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  • Writer's pictureSurviving Breast Cancer

Exercise and Breast Cancer

By Kelly Hsu

Exercise has numerous positive effects on physical and mental health. Many people are familiar with the relationship between exercise and diseases such as heart disease and diabetes. However, what is the relationship between exercise and breast cancer?


Different exercise regimens may work for people at different points of their disease trajectory. A vast body of research has shown the beneficial effects of exercise for patients at all different points of their illnesses.


Exercise during treatment can improve symptoms.

  • While chemotherapy can typically cause decreased cardiovascular fitness, a study showed that patients who completed a 12-week supervised exercise program during neoadjuvant chemotherapy had no change in cardiovascular fitness by the end of the program [1].

  • One study showed that mobilization stretching exercises improved chest flexibility for patients after breast surgery [2].

  • A study demonstrated that breast cancer survivors receiving adjuvant chemotherapy benefited from supervised heavy-load resistance exercise, with no increased risk of lymphedema [3].

  • A randomized trial of a resistance exercise intervention in patients starting adjuvant chemotherapy led to decreased physical fatigue and improved quality of life [4].


Exercise can have beneficial effects on cancer outcomes.

  • A study showed that patients who underwent a year-long diet and exercise intervention during neoadjuvant chemotherapy had improved pathological complete response (a prognostic factor associated with longer survival after treatment) than those who received usual care [5].

  • Research shows that aerobic and stretching exercises improved quality of life and also reduced depression severity for patients after completing treatment [6].

  • A review evaluating various studies looking at diet, exercise, and combined diet and exercise interventions found that fat loss was consistently associated with decreased risk of cancer recurrence [7].

  • Reviews across different studies have found that increased physical activity is associated with decreased incidence of breast cancer-related death [8, 9].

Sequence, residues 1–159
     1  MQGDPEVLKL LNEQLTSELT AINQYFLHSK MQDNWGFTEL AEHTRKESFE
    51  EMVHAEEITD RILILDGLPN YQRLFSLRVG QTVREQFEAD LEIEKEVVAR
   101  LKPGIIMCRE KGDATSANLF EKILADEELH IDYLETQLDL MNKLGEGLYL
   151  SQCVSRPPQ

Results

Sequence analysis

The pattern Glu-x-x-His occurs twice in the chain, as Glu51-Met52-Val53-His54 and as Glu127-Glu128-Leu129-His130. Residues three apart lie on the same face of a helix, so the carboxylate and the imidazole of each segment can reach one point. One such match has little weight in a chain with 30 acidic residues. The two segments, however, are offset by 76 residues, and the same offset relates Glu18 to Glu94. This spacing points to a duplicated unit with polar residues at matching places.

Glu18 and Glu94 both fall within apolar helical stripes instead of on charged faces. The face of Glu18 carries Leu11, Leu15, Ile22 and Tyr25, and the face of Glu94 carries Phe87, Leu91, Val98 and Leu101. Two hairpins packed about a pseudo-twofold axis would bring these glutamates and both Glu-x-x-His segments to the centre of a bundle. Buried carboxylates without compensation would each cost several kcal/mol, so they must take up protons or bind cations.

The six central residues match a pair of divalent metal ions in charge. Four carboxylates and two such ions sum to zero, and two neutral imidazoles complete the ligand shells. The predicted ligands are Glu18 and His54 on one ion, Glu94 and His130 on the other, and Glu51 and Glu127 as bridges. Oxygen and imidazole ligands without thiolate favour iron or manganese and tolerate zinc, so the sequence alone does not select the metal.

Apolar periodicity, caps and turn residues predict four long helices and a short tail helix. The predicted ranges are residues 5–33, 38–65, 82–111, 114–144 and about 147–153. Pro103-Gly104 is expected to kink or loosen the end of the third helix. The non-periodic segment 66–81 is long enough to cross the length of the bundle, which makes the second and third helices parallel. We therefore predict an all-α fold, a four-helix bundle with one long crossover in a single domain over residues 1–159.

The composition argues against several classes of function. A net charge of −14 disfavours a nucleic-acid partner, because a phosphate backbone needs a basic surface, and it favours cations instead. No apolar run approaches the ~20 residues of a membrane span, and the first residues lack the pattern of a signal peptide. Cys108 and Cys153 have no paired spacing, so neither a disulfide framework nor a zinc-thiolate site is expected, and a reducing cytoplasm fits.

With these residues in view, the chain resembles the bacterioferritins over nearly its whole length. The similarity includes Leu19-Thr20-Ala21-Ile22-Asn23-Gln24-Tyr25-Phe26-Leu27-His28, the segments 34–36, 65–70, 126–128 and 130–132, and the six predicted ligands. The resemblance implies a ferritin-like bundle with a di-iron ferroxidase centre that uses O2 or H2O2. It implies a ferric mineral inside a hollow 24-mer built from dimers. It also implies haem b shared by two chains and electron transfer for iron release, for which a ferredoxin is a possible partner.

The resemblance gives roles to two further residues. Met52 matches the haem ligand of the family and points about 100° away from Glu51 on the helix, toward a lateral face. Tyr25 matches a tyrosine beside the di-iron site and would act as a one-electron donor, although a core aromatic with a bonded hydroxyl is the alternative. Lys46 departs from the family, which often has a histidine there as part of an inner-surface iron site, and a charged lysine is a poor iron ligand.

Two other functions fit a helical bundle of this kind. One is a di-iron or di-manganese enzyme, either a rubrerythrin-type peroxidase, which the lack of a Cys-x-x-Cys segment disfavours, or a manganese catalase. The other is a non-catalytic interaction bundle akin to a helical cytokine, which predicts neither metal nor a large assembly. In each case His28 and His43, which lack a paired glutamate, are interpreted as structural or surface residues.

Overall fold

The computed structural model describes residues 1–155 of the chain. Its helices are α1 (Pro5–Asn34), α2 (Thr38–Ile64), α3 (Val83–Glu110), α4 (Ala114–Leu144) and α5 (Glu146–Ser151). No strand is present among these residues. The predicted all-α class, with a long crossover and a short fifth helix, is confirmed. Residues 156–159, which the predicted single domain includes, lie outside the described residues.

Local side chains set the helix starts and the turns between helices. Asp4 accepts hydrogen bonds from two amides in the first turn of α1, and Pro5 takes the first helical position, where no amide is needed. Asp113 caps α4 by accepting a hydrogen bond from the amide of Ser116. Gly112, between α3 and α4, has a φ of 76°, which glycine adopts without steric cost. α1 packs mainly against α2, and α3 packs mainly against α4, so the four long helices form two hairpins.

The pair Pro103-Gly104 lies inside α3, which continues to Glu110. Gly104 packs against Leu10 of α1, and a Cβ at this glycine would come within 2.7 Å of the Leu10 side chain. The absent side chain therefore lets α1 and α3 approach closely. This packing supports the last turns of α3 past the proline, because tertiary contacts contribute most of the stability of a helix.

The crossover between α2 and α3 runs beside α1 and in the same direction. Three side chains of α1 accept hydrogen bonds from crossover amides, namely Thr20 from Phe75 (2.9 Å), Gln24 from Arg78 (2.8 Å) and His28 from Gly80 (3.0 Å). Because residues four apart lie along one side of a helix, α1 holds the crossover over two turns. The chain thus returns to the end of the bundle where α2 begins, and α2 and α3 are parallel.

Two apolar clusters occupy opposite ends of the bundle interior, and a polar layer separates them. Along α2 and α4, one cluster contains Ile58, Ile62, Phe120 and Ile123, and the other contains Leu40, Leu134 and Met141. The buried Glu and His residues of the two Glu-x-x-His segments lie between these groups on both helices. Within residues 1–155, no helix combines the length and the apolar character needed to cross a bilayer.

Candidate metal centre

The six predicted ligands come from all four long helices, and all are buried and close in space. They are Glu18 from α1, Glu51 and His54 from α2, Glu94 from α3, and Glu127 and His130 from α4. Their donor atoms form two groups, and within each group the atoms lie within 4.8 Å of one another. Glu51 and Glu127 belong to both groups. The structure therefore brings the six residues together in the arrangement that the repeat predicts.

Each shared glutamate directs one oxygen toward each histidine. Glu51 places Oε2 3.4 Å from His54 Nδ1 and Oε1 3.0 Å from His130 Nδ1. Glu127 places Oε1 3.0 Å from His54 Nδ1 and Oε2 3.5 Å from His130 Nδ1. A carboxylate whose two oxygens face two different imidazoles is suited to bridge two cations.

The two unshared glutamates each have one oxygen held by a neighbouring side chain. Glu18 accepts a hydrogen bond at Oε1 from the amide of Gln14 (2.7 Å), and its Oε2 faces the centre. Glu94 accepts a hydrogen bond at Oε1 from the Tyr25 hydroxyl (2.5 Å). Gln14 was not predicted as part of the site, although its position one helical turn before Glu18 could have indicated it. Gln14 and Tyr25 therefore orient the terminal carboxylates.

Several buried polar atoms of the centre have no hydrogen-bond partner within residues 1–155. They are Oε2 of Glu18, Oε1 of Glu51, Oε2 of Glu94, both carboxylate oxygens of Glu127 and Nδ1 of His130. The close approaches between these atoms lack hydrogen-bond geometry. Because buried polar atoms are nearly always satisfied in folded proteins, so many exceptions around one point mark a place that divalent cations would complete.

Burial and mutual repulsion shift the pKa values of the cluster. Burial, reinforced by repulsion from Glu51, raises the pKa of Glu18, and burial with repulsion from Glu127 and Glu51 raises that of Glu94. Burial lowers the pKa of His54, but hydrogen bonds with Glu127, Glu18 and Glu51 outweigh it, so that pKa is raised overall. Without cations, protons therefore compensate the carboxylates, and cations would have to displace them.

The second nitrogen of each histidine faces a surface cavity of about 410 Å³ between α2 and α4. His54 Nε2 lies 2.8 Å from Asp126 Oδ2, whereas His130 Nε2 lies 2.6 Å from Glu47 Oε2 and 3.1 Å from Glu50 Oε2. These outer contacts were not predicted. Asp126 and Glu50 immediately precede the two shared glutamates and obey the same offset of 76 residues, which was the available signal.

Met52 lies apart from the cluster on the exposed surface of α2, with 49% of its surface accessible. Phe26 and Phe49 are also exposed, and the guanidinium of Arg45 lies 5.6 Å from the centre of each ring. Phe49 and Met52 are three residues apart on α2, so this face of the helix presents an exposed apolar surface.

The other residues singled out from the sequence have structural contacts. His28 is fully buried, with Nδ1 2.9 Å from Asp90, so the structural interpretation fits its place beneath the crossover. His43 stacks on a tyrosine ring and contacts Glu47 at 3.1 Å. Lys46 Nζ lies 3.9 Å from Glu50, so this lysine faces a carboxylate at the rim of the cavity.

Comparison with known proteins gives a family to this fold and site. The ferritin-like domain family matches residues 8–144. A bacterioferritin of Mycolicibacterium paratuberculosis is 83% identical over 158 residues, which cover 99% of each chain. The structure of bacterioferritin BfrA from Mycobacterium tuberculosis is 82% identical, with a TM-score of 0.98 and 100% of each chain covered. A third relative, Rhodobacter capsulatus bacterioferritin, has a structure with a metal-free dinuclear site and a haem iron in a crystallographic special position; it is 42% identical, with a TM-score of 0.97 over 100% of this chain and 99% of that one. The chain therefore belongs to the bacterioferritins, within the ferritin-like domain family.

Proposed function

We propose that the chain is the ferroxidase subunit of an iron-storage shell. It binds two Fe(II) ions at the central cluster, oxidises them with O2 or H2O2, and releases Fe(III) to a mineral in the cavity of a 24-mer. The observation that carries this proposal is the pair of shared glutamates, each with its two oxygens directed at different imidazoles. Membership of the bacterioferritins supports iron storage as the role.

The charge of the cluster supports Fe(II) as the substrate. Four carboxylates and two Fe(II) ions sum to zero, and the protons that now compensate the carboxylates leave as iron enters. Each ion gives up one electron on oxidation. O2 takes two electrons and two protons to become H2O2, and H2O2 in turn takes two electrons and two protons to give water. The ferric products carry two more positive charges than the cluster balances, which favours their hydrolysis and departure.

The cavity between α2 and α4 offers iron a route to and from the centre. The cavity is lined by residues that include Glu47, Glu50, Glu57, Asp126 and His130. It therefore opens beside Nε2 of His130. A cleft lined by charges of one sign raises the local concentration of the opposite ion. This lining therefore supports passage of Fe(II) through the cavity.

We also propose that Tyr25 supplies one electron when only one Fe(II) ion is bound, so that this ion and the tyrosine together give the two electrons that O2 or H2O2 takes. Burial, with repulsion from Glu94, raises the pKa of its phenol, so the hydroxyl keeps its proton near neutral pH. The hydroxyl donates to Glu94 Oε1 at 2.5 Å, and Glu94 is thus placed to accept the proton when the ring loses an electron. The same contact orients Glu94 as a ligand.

For cancer survivors, the American Cancer Society recommends starting slowly and building up to “150-300 minutes of moderate intensity (or 75-150 minutes of vigorous intensity) activity each week [9].” Examples of moderate intensity exercises include but are not limited to brisk walking, tennis, gardening, dance, yoga, or pushing a lawn mower. Vigorous intensity exercises may include jogging, running, hiking, or shoveling.


Getting into a regular exercise routine is hard, and even harder after a cancer diagnosis. All exercise plans should be tailored to the individual at their unique stage and recovery progress. If you are at the beginning of treatment, the key is to start gently and do what is appropriate for your body without overexerting yourself. Even light walks can go a long way in improving physical health and mood. Keep in mind that it is always important to consult your clinician prior to starting any new exercise programs.


Exercise can be done alone, but evidence also shows that group exercise can have a tremendous impact on improving mental wellness in addition to physical wellness. If you are looking for a place to start or supplement your current exercise regimen, 2Unstoppable is a non-profit offering a multitude of oncology fitness resources, including the option to be connected to an in-person or virtual fitness partner.


“It is well known that a fitness buddy or exercise community motivates us to get up and move … moreover, with a group or buddy we are likely to exercise harder, more consistently, and for the longer term.


The magic is that it is actually a reciprocal relationship.


Motivation and accountability from others helps get us moving, but physical activity also opens us up to connect further with other women, helping us to find the emotional support women with breast cancer really need. In her book The Joy of Movement, Kelly McGonigal posits that ‘regular exercise may lower your threshold for feeling connected to others – allowing for more spontaneous feelings of closeness, companionship, and belonging.’